Yesterday, July 13, marked one year since Liu Xiaobo’s death. It was also Oleg Sentsov’s birthday (his 42nd).
Liu Xiaobo was the foremost democracy leader in China. He was also a political prisoner, of course. In 2010, he received the Nobel Peace Prize, in absentia. Last year, he finally succumbed to his torments, surrounded by state agents, as he long had been. The Chinese Communist Party treated him savagely.
The day of Liu Xiaobo’s death, President Trump poured praise on the boss of the CCP, unfortunately. “A great leader,” said Trump of Xi Jinping. “He’s a very talented man. I think he’s a very good man. He loves China, I can tell you. He loves China. He wants to do what’s right for China.” Etc.
Oleg Sentsov is a filmmaker and writer from Crimea, and a political prisoner of Vladimir Putin’s regime. He was arrested in May 2014, shortly after Putin’s annexation of Crimea. For more than two months now, Sentsov has been on hunger strike. This is a common tactic of political prisoners all over the world, and it was frequently used in the Soviet Union — by Sakharov and Sharansky, for example.
Liu Xiaobo has a wife, a widow, Liu Xia. The CCP has treated her savagely too, although she is still alive. When the Nobel committee announced its prize in 2010, Liu Xia was put under house arrest — a brutal form of it, completely isolating her. Her mental and physical health deteriorated badly. After eight years, she was finally let out of the country. She arrived in Berlin on Tuesday.
Angela Merkel, the German chancellor, made Liu Xia’s case a priority. Earlier this year, she raised it with Xi Jinping directly. Germany’s efforts in Liu Xia’s behalf have been “aggressive,” as the New York Times put it (in this article).
I myself would like to go see Liu Xia. Chances are, she will not be speaking to the press or speaking out, however. The CCP has kept her brother, Liu Hui, as a hostage back in China. Liu Xia wanted to take him with her, but the Party forbade it. This is what they do. The day after Liu Xia’s release, the Party sentenced Qin Yongmin, another democracy leader, to prison (13 years). His wife, Zhao Suli, is under house arrest. Again, that’s what they do.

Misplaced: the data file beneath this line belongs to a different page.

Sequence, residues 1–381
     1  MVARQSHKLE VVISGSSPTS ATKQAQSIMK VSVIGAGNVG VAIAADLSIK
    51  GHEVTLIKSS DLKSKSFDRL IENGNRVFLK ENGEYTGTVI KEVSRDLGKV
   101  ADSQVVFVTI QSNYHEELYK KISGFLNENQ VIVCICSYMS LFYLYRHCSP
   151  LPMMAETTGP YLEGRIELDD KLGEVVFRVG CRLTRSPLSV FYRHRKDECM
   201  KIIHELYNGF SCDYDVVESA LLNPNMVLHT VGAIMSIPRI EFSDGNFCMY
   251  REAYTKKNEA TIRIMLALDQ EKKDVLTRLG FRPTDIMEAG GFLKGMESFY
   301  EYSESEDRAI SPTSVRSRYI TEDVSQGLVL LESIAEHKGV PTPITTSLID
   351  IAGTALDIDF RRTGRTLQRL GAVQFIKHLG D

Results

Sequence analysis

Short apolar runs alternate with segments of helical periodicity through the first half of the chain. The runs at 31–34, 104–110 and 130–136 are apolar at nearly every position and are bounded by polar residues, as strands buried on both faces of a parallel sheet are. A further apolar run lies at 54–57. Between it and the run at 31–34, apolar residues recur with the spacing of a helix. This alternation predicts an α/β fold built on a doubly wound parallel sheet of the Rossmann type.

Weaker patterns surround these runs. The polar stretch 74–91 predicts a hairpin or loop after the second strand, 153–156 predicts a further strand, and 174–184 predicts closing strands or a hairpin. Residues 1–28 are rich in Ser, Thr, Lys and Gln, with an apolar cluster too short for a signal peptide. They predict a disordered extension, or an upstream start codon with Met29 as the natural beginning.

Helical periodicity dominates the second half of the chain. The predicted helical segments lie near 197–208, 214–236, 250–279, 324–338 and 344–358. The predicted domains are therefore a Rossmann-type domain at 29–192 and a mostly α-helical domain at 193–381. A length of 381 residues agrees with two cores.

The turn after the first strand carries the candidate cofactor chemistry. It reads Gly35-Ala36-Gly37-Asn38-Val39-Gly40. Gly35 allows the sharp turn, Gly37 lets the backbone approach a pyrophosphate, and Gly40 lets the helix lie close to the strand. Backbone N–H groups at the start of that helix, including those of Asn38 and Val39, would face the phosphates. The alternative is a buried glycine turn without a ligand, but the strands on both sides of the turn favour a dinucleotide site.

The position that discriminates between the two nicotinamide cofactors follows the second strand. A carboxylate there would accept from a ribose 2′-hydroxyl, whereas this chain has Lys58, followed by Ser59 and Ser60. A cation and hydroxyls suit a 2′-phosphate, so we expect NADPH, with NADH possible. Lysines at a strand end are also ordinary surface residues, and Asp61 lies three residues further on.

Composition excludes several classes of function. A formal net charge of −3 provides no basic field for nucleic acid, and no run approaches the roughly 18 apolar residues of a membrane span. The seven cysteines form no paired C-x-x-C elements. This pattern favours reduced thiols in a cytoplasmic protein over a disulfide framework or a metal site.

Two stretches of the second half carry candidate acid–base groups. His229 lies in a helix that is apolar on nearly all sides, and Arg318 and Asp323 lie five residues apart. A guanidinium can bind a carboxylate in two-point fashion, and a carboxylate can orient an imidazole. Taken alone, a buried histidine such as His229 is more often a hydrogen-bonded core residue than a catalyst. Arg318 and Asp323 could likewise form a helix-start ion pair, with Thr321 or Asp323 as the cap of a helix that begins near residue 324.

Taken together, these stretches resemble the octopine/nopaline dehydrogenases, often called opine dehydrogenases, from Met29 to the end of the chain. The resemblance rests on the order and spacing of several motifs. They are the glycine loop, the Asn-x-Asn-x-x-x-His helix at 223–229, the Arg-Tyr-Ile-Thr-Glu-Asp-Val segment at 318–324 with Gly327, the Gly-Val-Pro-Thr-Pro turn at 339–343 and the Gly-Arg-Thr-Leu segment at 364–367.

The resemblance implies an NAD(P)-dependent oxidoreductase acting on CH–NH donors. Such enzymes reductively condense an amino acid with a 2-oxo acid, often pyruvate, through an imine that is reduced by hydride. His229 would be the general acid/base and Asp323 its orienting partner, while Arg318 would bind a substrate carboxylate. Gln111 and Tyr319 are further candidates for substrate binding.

President Trump is meeting with Putin on Monday. For generations — since at least Nixon — U.S. presidents have used meetings with Kremlin leaders (let’s call them) to press for the release of political prisoners. Vladimir Kara-Murza wrote about this on Friday, here. (He is the Russian democracy leader who has twice been poisoned, almost to death.)
One excerpt from Kara-Murza’s column:
Reagan made personal advocacy on behalf of political prisoners a hallmark of his Soviet policy, handing Gorbachev lists of names at their every meeting. “There are too many lists,” Gorbachev complained at one point.
President Trump could present a list, too, at the top of which might be Oleg Sentsov — followed by Alexei Pichugin, who has been in prison longer than any of them (15 years). Kara-Murza has a list in his column.
I hail Merkel for what she has done, but the United States is the leader of the Free World. We have leverage, including with Beijing, including with Moscow. Previous presidents have used this leverage to do good, in multiple ways. So can President Trump.